In December last year, the federal government released a report on insolvency in the Australian construction industry.

This report arose out of a year of hearings around Australia into the experiences of many parties in the industry. It is poignant that the subtitle of the report is the phrase ‘I just want to be paid.’

Over Christmas, I read this report from cover to cover. The first thing that struck me was the fact that all the relevant issues did come into sharp focus and the committee – and by extension the government – do certainly know what goes on, and in great detail. The executive summary is an excellent piece of work and shows that the hearings really did cover a lot of ground.

The other interesting thing was the perspective. The committee really got into the shoes of the subcontractor. The recent reports around the country on this issue are all agreed that 80 per cent to 85 per cent of the work on construction sites is done by subcontractors and so any study of insolvency invariably forces one to look at the world though their eyes. Many subcontractors gave evidence. So far, this is looking like it will reveal some inner truths that will change the industry for the better.

The report came up with 44 recommendations. As I read them I started to remember that great comedy series from the 1980s, ‘Yes Minister,’ where government’s well-meaning and necessary changes started at a sprint and then got stuck in procedure and process, slowed down to a crawl, until it was finally quietly killed off. If anyone doubts that view, they need only look at the multitude of government inquiries into payment in the construction industry dating back to the early nineties. They all came to similar if not identical conclusions. But what changed?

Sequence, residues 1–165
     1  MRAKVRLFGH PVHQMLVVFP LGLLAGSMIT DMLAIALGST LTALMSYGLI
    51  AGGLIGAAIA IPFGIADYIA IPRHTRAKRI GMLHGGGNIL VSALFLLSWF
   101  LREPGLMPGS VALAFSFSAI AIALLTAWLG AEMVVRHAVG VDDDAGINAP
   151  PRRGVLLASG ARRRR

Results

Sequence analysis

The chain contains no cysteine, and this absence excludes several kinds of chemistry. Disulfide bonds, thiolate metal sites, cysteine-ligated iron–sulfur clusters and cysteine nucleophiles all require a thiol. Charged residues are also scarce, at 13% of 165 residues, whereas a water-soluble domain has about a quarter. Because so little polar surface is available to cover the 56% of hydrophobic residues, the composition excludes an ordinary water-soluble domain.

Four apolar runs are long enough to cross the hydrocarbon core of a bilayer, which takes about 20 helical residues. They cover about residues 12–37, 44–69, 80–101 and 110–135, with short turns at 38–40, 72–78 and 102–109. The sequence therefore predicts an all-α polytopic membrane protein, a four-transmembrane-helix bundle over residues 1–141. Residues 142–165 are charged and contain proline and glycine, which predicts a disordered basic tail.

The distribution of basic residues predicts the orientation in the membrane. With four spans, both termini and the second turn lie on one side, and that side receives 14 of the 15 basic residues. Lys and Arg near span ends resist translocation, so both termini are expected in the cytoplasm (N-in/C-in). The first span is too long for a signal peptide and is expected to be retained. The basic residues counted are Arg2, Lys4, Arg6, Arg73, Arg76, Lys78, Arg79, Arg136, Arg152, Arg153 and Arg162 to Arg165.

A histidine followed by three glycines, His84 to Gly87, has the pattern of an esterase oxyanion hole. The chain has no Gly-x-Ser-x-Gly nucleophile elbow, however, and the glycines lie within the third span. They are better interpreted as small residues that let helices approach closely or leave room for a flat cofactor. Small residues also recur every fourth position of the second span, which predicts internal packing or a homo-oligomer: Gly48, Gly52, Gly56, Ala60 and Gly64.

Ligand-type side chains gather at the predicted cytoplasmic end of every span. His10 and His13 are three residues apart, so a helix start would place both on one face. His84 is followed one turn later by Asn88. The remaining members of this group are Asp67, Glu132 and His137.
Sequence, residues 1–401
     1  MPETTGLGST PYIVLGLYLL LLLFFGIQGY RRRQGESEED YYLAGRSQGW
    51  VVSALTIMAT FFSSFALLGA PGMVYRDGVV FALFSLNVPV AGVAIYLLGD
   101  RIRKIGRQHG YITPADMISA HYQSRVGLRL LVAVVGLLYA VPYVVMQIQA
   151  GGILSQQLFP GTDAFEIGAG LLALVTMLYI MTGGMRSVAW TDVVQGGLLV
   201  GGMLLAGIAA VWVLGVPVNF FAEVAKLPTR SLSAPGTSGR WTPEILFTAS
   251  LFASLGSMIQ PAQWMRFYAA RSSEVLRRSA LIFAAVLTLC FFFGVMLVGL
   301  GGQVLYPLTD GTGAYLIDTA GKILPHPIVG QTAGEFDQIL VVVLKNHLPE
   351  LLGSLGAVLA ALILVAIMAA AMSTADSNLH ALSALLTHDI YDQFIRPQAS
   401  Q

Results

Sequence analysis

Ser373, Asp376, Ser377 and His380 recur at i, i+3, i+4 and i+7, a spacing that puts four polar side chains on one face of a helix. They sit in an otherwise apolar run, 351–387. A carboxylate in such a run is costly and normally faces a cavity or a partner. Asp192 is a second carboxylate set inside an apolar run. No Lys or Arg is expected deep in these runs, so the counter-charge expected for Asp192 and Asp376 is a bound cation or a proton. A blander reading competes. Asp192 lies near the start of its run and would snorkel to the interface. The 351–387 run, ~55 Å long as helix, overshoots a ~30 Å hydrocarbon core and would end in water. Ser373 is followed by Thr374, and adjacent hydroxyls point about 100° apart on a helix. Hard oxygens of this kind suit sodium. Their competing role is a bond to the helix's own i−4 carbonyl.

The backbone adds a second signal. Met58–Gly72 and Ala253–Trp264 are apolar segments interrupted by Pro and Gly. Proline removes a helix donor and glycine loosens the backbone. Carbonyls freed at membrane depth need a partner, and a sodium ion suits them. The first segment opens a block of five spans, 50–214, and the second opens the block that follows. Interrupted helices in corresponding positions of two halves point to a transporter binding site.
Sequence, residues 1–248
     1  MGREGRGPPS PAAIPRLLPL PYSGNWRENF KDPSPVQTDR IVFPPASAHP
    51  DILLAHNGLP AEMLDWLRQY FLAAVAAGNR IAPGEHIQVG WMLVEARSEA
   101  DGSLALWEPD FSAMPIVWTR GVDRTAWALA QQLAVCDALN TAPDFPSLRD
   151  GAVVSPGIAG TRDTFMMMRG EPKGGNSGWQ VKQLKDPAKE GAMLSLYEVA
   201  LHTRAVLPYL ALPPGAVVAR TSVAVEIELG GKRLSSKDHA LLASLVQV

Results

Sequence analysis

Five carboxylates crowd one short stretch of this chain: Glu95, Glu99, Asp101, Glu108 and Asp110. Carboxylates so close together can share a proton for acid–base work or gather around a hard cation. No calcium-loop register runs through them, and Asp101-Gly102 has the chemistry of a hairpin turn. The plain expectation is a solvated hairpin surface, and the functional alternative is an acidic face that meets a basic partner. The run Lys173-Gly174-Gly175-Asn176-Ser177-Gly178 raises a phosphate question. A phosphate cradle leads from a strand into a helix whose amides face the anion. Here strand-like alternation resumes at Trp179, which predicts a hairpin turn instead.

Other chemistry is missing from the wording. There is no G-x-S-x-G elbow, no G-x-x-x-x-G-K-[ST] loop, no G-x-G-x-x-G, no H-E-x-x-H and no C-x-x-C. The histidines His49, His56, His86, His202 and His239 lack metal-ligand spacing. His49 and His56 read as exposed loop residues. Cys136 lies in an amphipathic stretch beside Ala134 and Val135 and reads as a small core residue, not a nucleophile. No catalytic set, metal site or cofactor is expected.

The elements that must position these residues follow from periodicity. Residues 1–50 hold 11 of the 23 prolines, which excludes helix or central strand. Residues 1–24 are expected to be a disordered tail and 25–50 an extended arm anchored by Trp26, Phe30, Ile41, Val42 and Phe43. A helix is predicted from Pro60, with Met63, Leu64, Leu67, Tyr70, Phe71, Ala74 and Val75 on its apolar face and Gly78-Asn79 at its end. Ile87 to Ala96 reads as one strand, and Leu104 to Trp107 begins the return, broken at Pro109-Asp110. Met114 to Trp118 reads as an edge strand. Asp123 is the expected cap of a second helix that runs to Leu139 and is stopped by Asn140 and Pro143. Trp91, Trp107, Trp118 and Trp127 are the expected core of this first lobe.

The answer is, very little.

Yes there has have been many legislative changes, but you have to ask yourself why inquiries today are still trying to address the same problem addressed by earlier inquiries 25 years ago. Even this current report notes various changes to legislation, but under which no one has ever been prosecuted, false statutory declarations being but one of them.

The problem with this report is that the scope of the recommendations are so wide, and require the agreement, co-ordination, and input of so many different parties, that there is only a minute chance that any of it will actually become a reality. Another issue is that because the scope is so wide, the recommendations are necessarily vague and some seem to be ‘motherhood’ statements.

This is not an immediate criticism. In fact I think it is probably unavoidable. My point is that the realisation of these recommendations will require so much from so many other parties that they are unlikely to be realised.

To cite one example, there is Recommendation 5, which addresses the non-payment of employee superannuation contributions, and how early detection of it would be beneficial.

“The committee recommends that the ATO and ASIC increase their formal co-operation with superannuation funds to co-ordinate measure around early detection of non-payment of superannuation guarantee,” it reads.